In Australia, after the '96 ban, the rate of simple assault, sexual assault and all forms of robbery increased by a not-insignificant amount.
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Re: Gun Control

Postby ctdonath » Fri Feb 15, 2013 4:44 pm UTC

sardia wrote:Check out this argument against guns deterring violence, or at least concealed guns. Thoughts?

A couple key flaws:

The argument fails to address escalated punishment for mundane fighting. Back then you could get into a fistfight, get it out of the participant's systems with a few lumps, and get on with life. Nowadays, police & society are quick to throw you in jail and pretty much ruin your life just because you punched a would-be mugger or barroom brawler in the face. Now, people are disinclined to resolve the issue early, leaving whatever the problem is to fester and escalate until it DOES get to the point where shooting is the only viable solution. Bullies get used to getting their way, knowing nobody will push back, until someone has little choice but to shoot back.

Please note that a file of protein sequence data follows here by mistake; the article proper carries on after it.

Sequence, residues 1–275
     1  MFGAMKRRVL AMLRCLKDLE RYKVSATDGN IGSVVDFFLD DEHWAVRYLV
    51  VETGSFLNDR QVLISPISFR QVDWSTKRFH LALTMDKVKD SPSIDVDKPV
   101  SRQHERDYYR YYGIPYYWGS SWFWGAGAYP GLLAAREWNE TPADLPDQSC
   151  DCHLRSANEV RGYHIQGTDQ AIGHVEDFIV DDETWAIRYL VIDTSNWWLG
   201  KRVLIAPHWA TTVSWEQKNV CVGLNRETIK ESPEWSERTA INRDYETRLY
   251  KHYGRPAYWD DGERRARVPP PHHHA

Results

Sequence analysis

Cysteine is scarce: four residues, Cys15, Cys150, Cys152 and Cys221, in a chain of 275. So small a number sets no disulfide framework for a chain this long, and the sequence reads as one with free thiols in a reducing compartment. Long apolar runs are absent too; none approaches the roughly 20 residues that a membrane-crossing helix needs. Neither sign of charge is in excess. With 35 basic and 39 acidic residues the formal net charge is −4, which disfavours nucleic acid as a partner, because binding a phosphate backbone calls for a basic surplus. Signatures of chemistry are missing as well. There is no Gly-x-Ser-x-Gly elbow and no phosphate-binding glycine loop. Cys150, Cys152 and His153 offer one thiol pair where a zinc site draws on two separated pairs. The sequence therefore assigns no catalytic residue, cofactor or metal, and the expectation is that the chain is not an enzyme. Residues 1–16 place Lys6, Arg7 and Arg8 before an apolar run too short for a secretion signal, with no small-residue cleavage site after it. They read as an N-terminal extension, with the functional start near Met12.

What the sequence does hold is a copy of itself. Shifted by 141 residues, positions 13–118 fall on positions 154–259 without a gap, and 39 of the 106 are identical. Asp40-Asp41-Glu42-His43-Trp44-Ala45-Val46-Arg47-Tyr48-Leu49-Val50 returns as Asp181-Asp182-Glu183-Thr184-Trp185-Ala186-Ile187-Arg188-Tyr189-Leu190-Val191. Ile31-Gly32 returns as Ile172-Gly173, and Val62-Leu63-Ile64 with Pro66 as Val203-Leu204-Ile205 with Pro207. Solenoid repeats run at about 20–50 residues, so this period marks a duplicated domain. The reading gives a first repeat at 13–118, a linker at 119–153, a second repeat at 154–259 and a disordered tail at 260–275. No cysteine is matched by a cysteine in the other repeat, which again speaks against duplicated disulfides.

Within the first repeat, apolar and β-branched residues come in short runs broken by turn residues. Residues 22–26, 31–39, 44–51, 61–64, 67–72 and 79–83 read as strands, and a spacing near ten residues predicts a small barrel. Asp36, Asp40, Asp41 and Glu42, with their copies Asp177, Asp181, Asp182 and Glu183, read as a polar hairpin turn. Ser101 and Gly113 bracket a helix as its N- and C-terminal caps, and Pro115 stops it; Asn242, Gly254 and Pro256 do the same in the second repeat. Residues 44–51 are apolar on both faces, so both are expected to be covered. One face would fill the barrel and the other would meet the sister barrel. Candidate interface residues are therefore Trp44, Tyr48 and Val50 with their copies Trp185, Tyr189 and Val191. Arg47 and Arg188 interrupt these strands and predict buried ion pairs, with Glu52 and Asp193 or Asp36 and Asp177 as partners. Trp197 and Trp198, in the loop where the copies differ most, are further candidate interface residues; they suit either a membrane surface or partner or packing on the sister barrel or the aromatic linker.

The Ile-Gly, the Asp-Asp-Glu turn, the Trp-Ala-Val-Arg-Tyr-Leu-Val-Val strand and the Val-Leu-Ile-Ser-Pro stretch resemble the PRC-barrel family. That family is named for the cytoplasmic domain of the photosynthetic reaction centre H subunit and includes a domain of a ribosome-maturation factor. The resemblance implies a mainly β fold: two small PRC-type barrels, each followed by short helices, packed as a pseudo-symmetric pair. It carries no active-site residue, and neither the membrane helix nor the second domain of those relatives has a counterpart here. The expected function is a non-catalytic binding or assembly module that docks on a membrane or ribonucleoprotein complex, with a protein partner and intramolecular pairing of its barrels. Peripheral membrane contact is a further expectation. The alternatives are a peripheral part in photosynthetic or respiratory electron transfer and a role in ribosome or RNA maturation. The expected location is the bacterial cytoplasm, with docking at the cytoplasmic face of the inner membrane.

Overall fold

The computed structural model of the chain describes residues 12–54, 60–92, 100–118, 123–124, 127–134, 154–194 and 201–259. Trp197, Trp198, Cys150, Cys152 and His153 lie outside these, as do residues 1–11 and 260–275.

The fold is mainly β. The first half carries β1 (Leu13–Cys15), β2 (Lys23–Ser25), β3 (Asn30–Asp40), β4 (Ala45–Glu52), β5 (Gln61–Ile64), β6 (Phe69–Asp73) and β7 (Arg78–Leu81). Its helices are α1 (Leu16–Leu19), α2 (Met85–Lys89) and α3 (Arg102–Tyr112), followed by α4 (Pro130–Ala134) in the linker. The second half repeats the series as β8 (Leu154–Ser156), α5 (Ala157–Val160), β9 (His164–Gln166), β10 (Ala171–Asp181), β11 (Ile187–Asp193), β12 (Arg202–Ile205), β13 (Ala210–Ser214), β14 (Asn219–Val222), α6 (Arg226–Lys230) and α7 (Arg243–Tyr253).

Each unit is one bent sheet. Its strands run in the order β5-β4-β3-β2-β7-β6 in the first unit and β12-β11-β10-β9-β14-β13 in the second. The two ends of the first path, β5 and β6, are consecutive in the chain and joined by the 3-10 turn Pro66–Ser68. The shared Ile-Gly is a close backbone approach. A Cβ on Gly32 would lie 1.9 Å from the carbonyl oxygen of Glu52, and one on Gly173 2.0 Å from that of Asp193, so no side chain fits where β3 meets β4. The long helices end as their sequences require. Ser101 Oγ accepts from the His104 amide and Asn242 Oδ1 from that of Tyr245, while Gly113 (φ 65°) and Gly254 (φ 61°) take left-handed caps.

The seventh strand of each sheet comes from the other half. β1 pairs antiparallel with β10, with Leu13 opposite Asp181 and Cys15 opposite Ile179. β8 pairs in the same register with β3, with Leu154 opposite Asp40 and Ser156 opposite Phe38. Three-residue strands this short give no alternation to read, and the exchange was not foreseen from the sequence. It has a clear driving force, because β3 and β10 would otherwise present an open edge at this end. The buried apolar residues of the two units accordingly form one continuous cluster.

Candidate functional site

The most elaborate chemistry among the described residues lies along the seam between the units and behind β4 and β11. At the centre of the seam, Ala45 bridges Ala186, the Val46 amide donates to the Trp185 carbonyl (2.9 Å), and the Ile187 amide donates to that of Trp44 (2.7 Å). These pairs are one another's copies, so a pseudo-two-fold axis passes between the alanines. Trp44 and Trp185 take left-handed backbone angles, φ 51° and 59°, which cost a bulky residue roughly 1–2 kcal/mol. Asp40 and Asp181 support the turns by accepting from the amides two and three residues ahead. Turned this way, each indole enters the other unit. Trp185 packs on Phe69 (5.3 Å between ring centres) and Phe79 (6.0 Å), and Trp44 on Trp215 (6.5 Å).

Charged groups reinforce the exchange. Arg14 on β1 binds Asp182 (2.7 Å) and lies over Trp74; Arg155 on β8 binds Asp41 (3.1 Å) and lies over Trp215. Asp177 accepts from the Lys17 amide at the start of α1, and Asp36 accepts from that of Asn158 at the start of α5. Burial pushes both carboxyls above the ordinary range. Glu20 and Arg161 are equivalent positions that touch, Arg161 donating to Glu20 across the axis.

There WERE many guns around. Kids took 'em to school even. People carried 'em on airplanes. Restrictions were few. People were more familiar with what they were and what they did and how to use them, and respected that power. Fights were mitigated by people having guns, knowing other people having guns, and the good guys with them who used them - by simple display - were not severely punished for the mere act of possession. Maybe not _everyone_, but enough did that most jerks behaved themselves because they knew _someone_ around was armed. Today, getting caught carrying a gun in many places will get your life pretty much wrecked - the government is a bigger threat than a thug, so many good people _don't_ carry guns.